Ohinemuri Regional History Journal 34, September 1990

The Waihi Gun Club is one of the oldest in the country, although it has gone into recess several times along the way. The Club celebrated its 80th Anniversary shoot in October 1989.

Researchers, working on the Waihi Borough Council book to mark the passing of the 87 year old Borough Council, came across some intriguing little mysteries including the "Waihi Rooster".

It was a trophy contested for (and still is) by riflemen in the North Island. It originated in Waihi in 1902 - the year of the establishmentofthe first Waihi Borough Council. At that time the great rifle shot, the late Jim Parslow, was staying temporarily in Waihi and formed a rifle club to foster rifle shooting among the miners. It was he who arranged with Major Cox of the Victoria Rifles to send a team to Waihi to encourage shooting in the district.

A match was arranged and naturally resulted in a win for the crack "Vics", but no trophy was forthcoming. So, in the evening some of the younger members of the Victorian Rifles climbed the tower of the fire station and removed the cock on the weather vane and brought it back to Auckland in great triumph as the winner's trophy. Many efforts were made, both by the Military and Civil Authorities, to recover the cock but it remained in hiding until a notice appeared some months later in a Waihi paper saying that the cock would be returned to the town if a team could win it back.

Many efforts have been made by Waihi teams to win the Rooster back but without success. It has now become an annual contest at the Auckland Rifle Association meeting and is competed for by teams who travel from all parts of the Island and, in all, much money has been spent in trying to win it. Occasionally it has travelled out of Auckland but seldom for long, and both the Akarana and Auckland City Clubs have had a mortgage on the Rooster.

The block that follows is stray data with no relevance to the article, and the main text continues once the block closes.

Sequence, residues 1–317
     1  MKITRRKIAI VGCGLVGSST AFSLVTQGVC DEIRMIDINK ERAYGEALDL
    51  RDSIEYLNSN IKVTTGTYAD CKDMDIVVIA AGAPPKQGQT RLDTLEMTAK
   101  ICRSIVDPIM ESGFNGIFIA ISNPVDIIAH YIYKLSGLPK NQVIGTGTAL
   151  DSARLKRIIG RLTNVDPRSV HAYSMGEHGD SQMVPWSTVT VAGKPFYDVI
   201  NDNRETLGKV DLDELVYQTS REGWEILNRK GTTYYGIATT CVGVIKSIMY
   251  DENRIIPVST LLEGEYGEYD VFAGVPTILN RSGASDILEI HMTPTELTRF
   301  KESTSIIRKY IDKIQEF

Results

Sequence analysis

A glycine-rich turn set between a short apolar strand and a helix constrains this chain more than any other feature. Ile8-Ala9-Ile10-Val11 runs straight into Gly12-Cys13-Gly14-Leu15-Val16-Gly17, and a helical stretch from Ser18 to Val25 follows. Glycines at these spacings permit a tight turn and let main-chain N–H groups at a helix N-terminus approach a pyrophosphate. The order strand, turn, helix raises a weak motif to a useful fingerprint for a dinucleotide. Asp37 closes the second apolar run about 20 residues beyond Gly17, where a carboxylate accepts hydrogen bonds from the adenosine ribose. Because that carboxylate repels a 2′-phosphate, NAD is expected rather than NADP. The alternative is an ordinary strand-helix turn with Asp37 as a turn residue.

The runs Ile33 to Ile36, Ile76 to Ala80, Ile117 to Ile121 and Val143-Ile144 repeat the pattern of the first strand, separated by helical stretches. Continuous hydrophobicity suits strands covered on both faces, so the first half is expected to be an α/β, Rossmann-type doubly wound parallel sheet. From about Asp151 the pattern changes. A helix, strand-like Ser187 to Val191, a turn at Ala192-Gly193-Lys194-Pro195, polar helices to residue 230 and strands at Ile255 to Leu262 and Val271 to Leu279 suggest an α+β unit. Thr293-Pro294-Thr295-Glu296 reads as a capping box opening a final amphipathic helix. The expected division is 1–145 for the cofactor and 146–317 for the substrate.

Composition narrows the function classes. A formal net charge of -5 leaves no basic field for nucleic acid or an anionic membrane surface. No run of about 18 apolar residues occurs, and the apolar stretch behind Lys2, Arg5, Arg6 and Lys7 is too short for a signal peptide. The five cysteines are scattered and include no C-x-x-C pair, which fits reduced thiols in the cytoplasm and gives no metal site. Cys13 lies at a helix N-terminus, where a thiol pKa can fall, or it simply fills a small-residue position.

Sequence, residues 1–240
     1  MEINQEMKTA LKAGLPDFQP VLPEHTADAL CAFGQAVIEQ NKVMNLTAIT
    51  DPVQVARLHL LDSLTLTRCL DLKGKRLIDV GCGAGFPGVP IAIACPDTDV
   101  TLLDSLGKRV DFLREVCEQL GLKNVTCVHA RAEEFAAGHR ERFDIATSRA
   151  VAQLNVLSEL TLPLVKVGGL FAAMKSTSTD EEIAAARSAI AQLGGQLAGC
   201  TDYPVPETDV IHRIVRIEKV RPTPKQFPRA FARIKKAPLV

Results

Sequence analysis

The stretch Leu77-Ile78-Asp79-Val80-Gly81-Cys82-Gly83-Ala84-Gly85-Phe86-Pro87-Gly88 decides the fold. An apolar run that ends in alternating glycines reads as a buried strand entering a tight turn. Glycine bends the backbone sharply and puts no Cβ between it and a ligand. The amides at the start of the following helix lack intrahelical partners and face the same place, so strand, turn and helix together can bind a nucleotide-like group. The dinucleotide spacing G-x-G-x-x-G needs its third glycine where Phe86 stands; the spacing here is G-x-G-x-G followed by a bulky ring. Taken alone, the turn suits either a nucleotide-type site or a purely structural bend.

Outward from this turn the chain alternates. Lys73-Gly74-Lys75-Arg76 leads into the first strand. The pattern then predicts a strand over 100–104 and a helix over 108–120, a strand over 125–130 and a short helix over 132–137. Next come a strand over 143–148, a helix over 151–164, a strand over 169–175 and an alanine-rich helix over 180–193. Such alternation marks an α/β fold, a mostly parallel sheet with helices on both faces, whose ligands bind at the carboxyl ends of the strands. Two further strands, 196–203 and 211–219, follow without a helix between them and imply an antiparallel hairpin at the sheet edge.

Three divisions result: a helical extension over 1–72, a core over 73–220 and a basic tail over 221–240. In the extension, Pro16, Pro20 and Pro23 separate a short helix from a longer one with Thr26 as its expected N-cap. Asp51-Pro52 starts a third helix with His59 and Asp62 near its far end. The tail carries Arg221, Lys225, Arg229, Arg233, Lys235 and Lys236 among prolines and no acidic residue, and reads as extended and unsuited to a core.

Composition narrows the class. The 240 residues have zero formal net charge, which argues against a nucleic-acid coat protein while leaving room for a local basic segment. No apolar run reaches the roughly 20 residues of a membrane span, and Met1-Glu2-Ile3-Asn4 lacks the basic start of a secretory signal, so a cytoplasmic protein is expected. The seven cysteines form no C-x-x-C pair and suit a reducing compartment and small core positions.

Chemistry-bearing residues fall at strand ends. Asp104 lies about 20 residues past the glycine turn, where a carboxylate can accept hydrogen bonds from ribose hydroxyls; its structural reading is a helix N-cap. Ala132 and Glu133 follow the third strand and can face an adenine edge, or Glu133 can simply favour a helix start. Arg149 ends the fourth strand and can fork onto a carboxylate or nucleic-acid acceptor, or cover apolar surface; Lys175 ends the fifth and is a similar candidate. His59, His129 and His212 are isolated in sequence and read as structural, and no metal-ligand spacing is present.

For eight years, from 1928 to 1935, the Auckland City Club had a great run of success, losing the rooster only once in 1930 to Paeroa Rifle Club led by H Simmonds who, the following year, joined the Auckland City Club. Kaitaia was the only other club outside of Auckland to have won the Rooster on two occasions.

The Waihi Rooster has no cash value but it is the most valued shooting trophy for team matches in the Auckland Province. It is not even made of Waihi gold but it is simply a piece of 24 gauge sheet iron, cut with skill to the shape of a rooster, and painted in bright colours to resemble the game cock. It is worth exactly nothing as scrap metal, but is so highly valued by the Auckland Rifle Association that other trophies fade into insignificance when compared with it.

Recently another shooting trophy was brought back to Waihi by the son of the man who won it at a New Zealand National shoot in Waihi in 1912. Mr Cecil King of Mt Maunganui is now the owner of a 22 carat gold watch which his father, Ernest King, who was three times a New Zealand shooting champion, won in 1912.

At that time the watch and chain was valued at a meagre £20 ($40), but today would be worth much more and is a family treasure. Cecil inherited the watch from his father and brought it back to show the shooters at the Waihi Club's 80th Anniversary Shoot.